Google is making a significant change to the way that it handles page ranking for mobile sites in an effort to discourage site owners from throwing up intrusive interstitials such as ads and newsletter signup dialogs before users can view a site.
The change involves the way that Google will rank mobile sites that use those kinds of interstitials. Many mobile sites now surface pop-up screens that contain ads or ask visitors to sign up for a newsletter or subscribe to the site before they can view the site’s main content. This isn’t the most user-friendly behavior, and Google is now going to take the use of these screens into consideration when assigning page ranks to mobile sites.
“While the underlying content is present on the page and available to be indexed by Google, content may be visually obscured by an interstitial. This can frustrate users because they are unable to easily access the content that they were expecting when they tapped on the search result,” Doantam Phan, a product manager at Google, said in a post explaining the change.
Google is not going to punish the use of all forms of interstitials.
“Pages that show intrusive interstitials provide a poorer experience to users than other pages where content is immediately accessible. This can be problematic on mobile devices where screens are often smaller. To improve the mobile search experience, after January 10, 2017, pages where content is not easily accessible to a user on the transition from the mobile search results may not rank as highly.”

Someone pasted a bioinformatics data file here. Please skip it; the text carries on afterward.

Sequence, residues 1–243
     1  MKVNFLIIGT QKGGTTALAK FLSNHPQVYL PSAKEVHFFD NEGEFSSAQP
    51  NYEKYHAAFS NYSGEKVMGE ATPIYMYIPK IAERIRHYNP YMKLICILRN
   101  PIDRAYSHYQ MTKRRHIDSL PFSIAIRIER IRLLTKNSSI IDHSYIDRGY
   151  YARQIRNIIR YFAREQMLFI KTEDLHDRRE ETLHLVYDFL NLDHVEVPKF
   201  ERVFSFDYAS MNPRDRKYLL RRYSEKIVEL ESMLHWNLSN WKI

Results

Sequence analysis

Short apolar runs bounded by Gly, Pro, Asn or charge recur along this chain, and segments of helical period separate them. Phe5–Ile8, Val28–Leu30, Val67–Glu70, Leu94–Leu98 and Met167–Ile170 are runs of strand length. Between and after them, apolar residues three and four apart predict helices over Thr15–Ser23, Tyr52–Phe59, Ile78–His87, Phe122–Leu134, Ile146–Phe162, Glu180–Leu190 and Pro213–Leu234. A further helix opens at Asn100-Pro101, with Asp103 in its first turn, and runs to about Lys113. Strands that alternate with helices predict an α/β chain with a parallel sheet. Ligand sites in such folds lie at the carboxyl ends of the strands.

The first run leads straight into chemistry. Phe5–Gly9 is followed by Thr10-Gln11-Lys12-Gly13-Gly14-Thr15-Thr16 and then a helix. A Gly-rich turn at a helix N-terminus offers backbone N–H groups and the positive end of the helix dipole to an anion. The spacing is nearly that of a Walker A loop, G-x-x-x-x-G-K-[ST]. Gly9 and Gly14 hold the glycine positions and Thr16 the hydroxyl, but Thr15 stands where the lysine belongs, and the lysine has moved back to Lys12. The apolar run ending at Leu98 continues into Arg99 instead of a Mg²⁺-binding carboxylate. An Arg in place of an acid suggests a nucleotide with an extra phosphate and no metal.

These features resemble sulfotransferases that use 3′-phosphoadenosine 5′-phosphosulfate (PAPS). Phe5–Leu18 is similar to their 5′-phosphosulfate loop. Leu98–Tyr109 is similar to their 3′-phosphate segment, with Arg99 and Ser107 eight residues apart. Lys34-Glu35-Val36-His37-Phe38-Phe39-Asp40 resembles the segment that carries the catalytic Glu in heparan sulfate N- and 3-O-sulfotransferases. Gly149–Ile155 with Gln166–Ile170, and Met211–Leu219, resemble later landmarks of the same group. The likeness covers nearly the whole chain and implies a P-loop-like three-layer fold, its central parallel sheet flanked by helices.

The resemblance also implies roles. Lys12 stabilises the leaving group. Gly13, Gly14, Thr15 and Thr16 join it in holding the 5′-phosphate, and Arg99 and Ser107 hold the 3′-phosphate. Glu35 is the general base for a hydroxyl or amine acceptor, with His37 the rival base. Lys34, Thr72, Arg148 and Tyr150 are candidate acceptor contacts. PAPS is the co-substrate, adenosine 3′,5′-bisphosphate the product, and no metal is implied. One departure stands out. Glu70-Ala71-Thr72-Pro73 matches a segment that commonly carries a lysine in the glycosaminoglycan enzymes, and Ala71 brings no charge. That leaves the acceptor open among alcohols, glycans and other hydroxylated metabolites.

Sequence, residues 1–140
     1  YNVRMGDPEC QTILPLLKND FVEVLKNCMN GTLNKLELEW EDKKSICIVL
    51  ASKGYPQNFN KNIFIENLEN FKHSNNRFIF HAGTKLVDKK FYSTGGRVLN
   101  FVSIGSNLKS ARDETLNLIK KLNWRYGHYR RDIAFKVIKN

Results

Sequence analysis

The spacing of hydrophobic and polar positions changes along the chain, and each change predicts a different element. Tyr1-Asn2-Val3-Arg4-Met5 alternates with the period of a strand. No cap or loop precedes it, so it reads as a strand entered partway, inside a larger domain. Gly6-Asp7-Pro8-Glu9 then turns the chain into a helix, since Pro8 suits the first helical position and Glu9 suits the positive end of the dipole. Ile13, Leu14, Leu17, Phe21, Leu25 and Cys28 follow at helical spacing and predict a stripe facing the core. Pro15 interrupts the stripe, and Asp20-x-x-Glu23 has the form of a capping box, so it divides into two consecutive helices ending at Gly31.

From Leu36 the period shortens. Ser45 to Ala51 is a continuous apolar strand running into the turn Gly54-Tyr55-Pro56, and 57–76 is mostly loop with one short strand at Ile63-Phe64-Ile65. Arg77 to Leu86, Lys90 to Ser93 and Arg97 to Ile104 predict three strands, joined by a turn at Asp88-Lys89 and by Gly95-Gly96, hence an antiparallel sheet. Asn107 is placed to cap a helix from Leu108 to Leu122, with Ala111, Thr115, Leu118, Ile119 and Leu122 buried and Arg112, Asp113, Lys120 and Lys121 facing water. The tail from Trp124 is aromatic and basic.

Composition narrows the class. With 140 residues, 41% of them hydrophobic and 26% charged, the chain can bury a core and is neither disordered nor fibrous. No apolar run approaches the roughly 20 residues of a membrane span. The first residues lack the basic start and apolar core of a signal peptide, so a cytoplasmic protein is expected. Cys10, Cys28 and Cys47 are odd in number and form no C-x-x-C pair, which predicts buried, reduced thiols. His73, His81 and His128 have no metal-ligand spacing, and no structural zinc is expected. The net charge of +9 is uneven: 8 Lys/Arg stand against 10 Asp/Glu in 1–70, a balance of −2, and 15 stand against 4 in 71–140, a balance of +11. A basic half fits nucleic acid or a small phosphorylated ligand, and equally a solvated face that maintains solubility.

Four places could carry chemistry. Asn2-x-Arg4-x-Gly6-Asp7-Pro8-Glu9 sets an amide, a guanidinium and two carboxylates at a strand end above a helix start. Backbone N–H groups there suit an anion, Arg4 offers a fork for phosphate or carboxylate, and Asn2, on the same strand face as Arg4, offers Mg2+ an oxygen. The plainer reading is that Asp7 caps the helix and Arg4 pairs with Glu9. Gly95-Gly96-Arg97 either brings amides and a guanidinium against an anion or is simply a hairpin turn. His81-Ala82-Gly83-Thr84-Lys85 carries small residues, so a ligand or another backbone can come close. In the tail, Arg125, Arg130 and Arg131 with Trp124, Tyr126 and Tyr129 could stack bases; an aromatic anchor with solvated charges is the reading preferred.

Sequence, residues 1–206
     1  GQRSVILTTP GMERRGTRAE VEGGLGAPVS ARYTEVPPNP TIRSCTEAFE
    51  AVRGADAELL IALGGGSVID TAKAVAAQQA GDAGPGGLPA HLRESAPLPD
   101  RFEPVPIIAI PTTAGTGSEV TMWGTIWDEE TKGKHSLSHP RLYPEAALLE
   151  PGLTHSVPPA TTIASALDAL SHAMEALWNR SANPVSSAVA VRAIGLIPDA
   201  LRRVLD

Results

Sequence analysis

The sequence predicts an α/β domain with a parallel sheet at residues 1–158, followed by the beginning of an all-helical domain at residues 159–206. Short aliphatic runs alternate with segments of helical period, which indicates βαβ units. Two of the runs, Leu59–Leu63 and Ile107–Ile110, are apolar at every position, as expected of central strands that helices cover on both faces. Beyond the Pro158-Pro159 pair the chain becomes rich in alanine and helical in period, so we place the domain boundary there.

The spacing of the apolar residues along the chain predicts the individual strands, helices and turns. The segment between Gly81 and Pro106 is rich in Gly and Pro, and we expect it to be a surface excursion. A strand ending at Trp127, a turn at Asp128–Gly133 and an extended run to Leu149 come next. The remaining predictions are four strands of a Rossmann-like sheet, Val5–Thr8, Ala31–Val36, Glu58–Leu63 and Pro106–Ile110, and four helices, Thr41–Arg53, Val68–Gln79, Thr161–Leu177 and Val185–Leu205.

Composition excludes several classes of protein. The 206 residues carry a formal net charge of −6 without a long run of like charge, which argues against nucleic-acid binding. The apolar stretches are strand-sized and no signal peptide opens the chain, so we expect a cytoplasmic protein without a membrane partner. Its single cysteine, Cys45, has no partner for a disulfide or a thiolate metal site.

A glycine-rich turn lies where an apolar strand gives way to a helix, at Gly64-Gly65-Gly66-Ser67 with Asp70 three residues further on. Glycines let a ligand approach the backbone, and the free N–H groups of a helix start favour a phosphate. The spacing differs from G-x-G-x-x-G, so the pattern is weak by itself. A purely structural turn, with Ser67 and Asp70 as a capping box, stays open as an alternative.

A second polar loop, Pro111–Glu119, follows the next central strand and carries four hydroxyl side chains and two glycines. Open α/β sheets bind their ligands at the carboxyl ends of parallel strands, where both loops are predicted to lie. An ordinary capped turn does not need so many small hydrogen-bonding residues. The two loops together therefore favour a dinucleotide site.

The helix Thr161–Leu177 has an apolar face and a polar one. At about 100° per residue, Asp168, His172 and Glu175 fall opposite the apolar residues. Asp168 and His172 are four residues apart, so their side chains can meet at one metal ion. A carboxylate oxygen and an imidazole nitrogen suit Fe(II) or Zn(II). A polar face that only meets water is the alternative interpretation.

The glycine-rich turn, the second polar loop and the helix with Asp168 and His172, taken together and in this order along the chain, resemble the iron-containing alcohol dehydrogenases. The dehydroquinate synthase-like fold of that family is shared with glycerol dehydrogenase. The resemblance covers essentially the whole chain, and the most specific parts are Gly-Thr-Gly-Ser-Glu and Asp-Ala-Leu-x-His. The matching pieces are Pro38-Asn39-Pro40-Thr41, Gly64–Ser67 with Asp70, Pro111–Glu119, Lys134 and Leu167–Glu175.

The main problem with interstitials on mobile devices, aside from the annoyance factor, is that they make it more difficult for users to get to the content they’re interested in. The small screen size on mobile devices can make it hard to find the button to dismiss the ad or pop-up, too. However, Google is not going to punish the use of all forms of interstitials. Phan said that sites using some kinds of legitimate and necessary ones won’t see any changes to the way they’re ranked.
For example, sites such as breweries that have a legal obligation to verify a user’s age, and sites such as email services where an interstitial is used for login won’t be affected. The change has some security implications, as some interstitials are used to push users’ to download malicious or potentially unwanted apps or redirect them to possibly malicious sites.
In addition to the change in page rank signals for sites using interstitials, Google also is removing the Mobile Friendly label from each results. The label was an artifact from a time when many sites didn’t have mobile versions and required users to zoom in on their mobile devices in order to view the content. That’s largely gone away, and Phan said that Google’s stats show that 85 percent of the pages on mobile search results have mobile versions, making the label pretty much pointless now.